Cardiac Arrest in the Operating Room: Resuscitation and Management for the Anesthesiologist: Part 1

Vivek K. Moitra, MD; Sharon Einav, MD; Karl-Christian Thies, MD; Mark E. Nunnally, MD; Andrea Gabrielli, MD; Gerald A. Maccioli, MD; Guy Weinberg, MD; Arna Banerjee, MD; Kurt Ruetzler, MD; Gregory Dobson, MD; Matthew D. McEvoy, MD; Michael F. O'Connor, MD, FCCM


Anesth Analg. 2018;126(3):876-888. 

In This Article

Perioperative Cardiac Arrest Outcomes

Over the past 5 years, multiple studies have reported increased survivorship after perioperative arrest compared to arrests in the general population or on inpatient hospital wards.[7,10,14–16] Another study of surgical patients reported encouraging survival statistics, with the lowest survivorship (<20%) among patients who were elderly, had higher American Society of Anesthesiologists status, emergency procedures, contaminated wounds, and high preoperative dependency.[17] Previous observations of lower survivorship after cardiac arrest at night and on weekends have been replicated.[16,18,19] Perhaps paradoxically, survivorship and neurologic outcomes from cardiac arrest are better when they occur in the postanesthesia care unit as compared to the operating room or intensive care unit. This may be related to the different etiologies leading to arrest in that setting.[16]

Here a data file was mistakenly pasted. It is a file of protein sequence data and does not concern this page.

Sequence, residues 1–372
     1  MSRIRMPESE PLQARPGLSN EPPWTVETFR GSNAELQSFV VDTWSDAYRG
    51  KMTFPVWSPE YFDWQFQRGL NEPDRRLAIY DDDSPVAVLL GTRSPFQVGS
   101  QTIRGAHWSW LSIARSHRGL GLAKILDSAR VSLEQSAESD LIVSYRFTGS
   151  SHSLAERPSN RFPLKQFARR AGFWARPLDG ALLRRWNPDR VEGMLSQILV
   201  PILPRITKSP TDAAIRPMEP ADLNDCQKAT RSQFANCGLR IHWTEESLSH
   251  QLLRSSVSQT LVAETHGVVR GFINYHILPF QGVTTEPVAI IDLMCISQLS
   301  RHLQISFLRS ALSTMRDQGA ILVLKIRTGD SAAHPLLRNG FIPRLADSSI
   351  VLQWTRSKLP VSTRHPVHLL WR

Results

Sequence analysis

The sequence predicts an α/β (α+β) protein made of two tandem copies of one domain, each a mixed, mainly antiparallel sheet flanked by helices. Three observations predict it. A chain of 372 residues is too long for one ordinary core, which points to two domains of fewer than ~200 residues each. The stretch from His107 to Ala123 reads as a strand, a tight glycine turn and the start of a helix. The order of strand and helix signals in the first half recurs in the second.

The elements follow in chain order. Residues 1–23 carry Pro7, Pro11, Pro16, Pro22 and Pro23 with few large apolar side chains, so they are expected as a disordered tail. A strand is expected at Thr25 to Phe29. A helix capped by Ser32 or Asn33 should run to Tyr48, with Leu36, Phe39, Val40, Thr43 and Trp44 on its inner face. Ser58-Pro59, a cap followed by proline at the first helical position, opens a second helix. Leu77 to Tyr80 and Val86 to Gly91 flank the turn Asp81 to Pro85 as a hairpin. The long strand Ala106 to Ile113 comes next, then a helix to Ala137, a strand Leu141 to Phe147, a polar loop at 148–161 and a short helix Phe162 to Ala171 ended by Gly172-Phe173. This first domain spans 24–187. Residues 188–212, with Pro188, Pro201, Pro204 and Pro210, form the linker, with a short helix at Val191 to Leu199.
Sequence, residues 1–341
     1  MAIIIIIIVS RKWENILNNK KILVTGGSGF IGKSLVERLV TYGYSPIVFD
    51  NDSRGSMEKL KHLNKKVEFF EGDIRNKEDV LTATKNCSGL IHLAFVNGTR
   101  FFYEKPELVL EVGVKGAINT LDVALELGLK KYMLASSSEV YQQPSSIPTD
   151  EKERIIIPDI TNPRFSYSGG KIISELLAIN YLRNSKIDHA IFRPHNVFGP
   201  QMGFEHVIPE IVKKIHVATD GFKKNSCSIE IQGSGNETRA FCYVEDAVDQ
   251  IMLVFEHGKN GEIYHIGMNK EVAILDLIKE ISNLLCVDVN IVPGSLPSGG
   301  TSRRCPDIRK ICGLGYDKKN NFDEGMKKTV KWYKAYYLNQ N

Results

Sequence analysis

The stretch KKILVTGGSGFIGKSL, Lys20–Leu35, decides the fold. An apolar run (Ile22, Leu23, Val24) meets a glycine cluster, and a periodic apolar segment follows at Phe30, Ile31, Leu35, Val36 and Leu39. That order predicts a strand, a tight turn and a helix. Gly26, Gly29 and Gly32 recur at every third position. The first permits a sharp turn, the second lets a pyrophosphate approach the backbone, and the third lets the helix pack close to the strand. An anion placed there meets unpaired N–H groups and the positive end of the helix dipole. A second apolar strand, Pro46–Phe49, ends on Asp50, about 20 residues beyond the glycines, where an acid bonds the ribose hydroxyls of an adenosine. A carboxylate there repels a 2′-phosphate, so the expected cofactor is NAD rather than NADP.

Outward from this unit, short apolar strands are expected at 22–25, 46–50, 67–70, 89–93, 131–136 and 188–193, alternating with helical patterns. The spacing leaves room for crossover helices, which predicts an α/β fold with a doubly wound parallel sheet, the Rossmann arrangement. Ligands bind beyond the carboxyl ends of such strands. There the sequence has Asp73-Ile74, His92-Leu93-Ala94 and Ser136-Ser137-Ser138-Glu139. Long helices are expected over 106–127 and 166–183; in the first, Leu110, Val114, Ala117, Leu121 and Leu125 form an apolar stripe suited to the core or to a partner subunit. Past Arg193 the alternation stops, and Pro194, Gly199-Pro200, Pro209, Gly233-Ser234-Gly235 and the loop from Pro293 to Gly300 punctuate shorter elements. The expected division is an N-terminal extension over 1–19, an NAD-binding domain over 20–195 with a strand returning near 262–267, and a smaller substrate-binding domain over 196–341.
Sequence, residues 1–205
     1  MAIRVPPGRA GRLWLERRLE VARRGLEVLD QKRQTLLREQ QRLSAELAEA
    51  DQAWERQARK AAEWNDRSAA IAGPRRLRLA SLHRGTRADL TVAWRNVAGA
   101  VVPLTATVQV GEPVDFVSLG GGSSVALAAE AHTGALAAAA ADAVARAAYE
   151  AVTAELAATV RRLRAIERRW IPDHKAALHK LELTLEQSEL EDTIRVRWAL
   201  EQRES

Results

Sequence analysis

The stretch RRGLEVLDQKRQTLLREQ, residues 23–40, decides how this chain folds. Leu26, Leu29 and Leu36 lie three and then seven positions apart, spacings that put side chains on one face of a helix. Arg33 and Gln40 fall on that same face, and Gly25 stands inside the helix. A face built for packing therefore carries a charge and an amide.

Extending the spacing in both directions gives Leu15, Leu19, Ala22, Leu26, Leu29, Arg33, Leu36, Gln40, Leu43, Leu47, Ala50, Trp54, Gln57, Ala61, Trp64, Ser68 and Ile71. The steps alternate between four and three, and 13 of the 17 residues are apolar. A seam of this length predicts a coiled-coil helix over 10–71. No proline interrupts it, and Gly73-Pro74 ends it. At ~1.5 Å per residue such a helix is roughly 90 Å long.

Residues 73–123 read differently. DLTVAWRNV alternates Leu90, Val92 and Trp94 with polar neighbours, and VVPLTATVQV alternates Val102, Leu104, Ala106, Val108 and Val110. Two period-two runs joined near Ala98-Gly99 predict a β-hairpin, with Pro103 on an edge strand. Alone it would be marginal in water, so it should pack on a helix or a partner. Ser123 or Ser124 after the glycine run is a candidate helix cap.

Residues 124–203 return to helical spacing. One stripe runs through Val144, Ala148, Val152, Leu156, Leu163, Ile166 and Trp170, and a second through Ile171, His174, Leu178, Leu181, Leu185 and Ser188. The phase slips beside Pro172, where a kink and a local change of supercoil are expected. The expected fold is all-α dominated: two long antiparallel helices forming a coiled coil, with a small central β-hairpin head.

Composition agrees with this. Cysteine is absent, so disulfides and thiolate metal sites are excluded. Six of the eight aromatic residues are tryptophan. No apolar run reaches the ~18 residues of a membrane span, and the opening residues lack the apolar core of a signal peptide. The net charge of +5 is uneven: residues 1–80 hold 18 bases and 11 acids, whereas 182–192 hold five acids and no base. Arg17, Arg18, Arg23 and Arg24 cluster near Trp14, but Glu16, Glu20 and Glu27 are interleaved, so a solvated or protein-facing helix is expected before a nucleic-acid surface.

A recently published analysis of cardiac arrest data from the National Anesthesia Clinical Outcomes Registry revealed that the incidence of cardiac arrest associated with anesthesia is approximately 5.6 per 10,000 cases (951 arrests in 1,691,472 cases), which is considerably lower than previous estimates.[20,21] This analysis also observed that the rate of cardiac arrest increased with age and American Society of Anesthesiologists physical status. Unexpectedly, the study reported a higher rate of cardiac arrest and death among males. A recent study of patients who experienced cardiac arrest within 24 hours of surgery found that asystole was the most common cardiac arrest rhythm.[16] Survivorship after asystole in the perioperative period, however, is significantly higher (30.5%–80%) compared to survivorship after inpatient asystolic arrest (10%).[7,16,22]